London crash: Van slams into crowd leaving mosque, one arrested

Several people were hurt after a van slammed into a crowd — including worshippers leaving a mosque — on a road in north London around midnight Sunday night, witnesses said, as police added that one person was arrested.

Witnesses told Sky News that the driver, described as a white man, appeared to hit the crowd “deliberately.” The crash immediately raised concerns of another terrorist attack in London; however, police did not reveal the possible cause.

Witnesses also told Sky News some 10 people were hurt, but police and medical officials would not confirm that.

“I could see at least two people on the floor, not moving,” witness Cynthia Vanzella, who said the nearby crash woke her up, told Sky News. “There were people sitting on the floor with their head in their hands.”

The neighborhood has two mosques, and several hundred worshippers would have been in the area after attending prayers as part of the Muslim holy month of Ramadan.

Officers were called to the scene of the “major incident” on Seven Sisters Road at 12:20 a.m. Monday, Metropolitan Police said. The London Ambulance Service said it was responding to the incident. Police shut off the area to traffic as they investigated.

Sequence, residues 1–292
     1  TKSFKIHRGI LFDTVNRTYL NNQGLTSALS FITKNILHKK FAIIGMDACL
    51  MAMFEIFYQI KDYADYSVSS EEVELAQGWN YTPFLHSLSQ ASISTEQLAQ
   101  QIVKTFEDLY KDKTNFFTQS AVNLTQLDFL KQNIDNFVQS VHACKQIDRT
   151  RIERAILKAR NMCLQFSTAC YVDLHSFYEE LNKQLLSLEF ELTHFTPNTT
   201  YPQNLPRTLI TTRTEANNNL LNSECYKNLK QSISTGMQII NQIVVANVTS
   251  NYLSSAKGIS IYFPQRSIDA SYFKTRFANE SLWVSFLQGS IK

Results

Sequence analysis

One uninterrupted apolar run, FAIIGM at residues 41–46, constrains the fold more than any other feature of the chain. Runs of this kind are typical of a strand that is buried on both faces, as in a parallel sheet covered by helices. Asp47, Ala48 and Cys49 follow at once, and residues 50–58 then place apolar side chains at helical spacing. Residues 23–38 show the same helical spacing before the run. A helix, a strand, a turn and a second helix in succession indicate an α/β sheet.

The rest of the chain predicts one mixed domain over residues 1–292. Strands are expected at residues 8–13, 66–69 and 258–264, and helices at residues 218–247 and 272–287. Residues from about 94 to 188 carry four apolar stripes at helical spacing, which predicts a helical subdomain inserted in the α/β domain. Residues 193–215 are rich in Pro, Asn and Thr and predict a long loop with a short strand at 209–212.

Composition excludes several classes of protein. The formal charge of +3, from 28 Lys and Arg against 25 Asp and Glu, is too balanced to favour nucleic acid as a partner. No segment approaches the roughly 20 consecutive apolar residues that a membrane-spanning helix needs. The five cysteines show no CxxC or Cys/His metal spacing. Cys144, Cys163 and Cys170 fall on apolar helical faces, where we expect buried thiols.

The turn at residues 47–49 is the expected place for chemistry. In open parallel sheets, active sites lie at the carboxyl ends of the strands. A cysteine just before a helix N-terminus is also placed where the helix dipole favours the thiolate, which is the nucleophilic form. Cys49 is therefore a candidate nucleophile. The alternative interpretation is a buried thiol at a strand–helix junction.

Earlier this month, a van veered into pedestrians on London Bridge, setting off vehicle and knife attacks that killed eight people and wounded many others on the bridge and in the nearby Borough Market area. Three Muslim extremists who carried out the attack were killed by police.

In March, Khalid Masood, a British citizen, crashed his car at Westminster Bridge before launching a stabbing attack on the grounds of Parliament, killing five people in all. Police shot and killed him, ending the massacre.

Britain’s terrorist alert has been set at “severe” meaning an attack is highly likely.

“Our priority is to assess the level and nature of injuries and ensure those in the most need are treated first and taken to hospital,” the London Ambulance Service announced early Monday.

“Our prayers are with the victims,” Britain’s Muslim Council wrote on Twitter after the crash.

The Finsbury Park Mosque is about a 20-minute drive north of London Bridge. The mosque was associated with extremist ideology for several years after the 9/11 attacks in the United States but was shut down and reorganized. It has not been associated with radical views for more than a decade.

The Associated Press contributed to this report.

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